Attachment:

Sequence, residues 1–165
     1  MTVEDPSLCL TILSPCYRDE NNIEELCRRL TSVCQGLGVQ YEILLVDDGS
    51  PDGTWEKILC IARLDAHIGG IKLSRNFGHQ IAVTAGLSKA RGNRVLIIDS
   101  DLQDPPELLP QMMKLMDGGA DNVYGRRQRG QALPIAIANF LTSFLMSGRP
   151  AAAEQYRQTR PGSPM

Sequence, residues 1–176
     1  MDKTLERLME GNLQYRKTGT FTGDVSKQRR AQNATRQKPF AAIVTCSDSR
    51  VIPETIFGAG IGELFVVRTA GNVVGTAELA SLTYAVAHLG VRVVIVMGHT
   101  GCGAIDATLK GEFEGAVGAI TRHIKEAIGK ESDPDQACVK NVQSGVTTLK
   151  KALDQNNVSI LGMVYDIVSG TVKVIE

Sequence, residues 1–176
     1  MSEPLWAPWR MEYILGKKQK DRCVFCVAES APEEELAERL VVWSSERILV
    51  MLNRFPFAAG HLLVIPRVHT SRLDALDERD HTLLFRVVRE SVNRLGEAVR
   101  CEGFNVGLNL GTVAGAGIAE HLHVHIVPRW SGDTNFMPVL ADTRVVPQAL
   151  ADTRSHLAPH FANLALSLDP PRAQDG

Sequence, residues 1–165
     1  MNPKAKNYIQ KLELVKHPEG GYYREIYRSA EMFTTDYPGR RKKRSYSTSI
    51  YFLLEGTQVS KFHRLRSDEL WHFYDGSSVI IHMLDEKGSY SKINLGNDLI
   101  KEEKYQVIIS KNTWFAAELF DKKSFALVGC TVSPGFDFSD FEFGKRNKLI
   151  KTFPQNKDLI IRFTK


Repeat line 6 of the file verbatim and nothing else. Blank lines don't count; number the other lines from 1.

Sequence, residues 1–176